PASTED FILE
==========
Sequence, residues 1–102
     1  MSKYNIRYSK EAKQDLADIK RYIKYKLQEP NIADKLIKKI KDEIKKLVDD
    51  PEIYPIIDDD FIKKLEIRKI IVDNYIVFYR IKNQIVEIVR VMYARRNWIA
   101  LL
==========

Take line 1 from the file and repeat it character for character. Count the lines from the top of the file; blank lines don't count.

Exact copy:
Sequence, residues 1–102